2. Spray lemon trees with soap and water

Soap and water are a good preventive combination once aphids have been removed from the tree. Liquid soap or dishwasher soap and water are a good mix when it comes to coating your lemon tree in the spring and at least once more in the summer with a protective barrier.

Lemon trees might show different types of reactions to harsh soaps so it’s best to use only natural ingredients soaps. A gallon of water can be mixed with 1 cup of soap for an effective barrier which lasts 1-2 months.

3. Spray garlic or vinegar

Many people only use natural pest repellents on lemon trees. Among all of the natural solutions, garlic is the one with a reduced impact or no impact at all on the leaves of your young lemon tree.

Up to a few pieces of garlic can be mixed and infused overnight in a gallon of water before spraying on the lemon tree. You need to re-apply a mix of garlic and water every month or soon after heavy rain if your lemon tree is outside.

A mix of water and vinegar is another very good natural alternative that deters but doesn’t kill aphids when sprayed on lemon trees. A cup of vinegar is mixed with a bucket of water and then sprayed all over the leaves and the tree bark. Even the soil around the lemon tree is coated in vinegar for a superior protective barrier.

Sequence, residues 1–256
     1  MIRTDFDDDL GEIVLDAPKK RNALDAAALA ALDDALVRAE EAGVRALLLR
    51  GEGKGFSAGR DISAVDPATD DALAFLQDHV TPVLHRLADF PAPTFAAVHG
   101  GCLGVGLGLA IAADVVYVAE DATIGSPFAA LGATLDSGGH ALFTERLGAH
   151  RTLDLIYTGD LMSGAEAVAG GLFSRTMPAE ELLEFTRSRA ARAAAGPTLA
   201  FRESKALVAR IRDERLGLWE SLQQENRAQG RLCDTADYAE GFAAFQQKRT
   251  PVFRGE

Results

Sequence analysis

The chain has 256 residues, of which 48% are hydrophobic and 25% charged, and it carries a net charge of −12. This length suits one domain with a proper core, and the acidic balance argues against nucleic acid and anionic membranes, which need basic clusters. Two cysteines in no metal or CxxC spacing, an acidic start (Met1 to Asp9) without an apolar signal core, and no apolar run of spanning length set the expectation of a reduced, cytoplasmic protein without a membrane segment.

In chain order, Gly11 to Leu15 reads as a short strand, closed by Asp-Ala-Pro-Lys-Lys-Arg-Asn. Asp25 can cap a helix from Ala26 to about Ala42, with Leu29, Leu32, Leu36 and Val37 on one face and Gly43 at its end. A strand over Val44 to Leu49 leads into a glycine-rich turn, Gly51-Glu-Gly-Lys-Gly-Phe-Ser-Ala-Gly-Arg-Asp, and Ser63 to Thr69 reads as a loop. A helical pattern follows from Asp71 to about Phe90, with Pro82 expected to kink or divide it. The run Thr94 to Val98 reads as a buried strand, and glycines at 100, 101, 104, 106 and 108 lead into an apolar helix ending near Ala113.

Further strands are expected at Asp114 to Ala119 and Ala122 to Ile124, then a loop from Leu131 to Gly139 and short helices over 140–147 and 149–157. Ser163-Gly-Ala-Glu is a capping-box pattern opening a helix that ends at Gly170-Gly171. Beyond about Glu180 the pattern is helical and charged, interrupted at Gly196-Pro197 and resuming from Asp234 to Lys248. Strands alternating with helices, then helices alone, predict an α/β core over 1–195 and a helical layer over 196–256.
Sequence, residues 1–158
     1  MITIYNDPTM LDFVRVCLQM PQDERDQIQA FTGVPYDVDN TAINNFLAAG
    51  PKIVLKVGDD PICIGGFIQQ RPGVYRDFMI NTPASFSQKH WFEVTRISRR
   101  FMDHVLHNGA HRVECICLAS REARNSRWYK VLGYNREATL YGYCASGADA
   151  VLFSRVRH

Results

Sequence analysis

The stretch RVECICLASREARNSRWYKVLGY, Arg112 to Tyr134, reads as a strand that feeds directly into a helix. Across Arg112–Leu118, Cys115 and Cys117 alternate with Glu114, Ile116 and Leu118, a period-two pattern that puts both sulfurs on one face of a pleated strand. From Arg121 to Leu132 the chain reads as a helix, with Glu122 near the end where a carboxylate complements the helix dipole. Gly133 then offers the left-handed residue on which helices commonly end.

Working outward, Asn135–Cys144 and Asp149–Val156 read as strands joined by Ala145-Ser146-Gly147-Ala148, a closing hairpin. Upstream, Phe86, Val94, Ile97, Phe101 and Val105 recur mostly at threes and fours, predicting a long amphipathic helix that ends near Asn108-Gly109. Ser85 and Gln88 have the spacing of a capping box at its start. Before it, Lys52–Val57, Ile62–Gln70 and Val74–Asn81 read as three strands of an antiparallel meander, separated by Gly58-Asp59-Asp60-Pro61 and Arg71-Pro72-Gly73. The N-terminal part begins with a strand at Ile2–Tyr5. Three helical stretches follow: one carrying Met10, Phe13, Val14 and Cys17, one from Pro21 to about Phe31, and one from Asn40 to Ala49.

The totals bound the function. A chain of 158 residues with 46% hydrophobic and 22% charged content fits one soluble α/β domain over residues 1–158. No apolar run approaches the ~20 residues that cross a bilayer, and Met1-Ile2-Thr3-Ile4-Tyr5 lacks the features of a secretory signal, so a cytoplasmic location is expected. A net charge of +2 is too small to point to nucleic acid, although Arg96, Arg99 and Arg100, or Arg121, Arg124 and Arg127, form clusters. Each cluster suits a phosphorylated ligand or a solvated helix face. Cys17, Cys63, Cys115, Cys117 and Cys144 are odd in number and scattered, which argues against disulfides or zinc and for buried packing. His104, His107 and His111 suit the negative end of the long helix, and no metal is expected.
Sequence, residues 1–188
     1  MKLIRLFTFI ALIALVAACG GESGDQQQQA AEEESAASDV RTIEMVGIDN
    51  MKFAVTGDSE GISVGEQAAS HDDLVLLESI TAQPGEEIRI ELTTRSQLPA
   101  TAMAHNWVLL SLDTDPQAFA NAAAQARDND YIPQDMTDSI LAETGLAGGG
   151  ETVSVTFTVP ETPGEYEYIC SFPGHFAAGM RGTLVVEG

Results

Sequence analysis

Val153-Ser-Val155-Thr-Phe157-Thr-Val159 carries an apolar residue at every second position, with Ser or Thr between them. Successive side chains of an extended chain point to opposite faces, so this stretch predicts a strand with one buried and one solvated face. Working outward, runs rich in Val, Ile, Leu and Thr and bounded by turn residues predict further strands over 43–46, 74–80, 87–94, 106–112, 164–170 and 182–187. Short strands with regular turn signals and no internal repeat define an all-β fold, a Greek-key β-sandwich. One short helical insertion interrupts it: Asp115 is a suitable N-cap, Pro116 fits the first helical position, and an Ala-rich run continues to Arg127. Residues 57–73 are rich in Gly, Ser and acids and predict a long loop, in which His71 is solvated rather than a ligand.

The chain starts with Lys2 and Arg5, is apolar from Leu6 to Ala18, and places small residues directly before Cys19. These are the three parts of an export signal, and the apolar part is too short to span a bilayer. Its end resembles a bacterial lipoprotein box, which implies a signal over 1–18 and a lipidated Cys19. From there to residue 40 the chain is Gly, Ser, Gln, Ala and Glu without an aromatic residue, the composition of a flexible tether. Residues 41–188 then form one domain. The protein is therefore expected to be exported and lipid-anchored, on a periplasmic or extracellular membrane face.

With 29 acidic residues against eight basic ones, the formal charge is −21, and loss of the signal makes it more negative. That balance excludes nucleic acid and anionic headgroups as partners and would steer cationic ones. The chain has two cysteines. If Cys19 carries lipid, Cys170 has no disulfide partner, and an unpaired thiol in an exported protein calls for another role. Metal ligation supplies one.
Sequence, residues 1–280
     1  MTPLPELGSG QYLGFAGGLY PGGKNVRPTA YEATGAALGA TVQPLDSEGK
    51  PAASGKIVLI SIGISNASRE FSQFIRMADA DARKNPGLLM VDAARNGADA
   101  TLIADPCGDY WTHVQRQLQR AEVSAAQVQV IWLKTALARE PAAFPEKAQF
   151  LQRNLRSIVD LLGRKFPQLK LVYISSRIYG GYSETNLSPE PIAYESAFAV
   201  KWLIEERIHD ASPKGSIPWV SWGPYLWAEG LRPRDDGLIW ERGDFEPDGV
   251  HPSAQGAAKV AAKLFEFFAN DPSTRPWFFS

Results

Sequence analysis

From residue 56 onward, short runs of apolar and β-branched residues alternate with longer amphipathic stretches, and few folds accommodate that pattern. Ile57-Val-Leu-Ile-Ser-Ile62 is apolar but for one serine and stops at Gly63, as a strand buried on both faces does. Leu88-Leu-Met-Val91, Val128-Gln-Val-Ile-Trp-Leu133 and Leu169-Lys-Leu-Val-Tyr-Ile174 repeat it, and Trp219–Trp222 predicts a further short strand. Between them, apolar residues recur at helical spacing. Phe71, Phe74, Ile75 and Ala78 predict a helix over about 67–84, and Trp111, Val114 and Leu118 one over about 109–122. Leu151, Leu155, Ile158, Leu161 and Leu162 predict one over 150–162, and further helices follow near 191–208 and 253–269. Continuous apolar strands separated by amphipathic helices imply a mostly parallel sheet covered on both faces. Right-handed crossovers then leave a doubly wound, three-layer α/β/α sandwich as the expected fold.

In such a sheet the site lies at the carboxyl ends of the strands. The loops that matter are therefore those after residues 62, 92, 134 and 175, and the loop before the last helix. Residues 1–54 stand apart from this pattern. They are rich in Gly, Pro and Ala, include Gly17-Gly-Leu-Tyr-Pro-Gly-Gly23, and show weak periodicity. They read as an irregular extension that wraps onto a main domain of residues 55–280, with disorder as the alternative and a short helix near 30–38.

4. Attract ladybugs

Some ladybugs such as numerous gray and white ladybug species eat aphids. You can consider attracting these ladybugs to your garden to keep aphid populations low.

You can attract ladybugs by planting flowers around the lemon tree. These bugs might initially be attracted to colorful flowers but they soon eat all aphids they find nearby.

5. Spray lemon trees with jojoba oil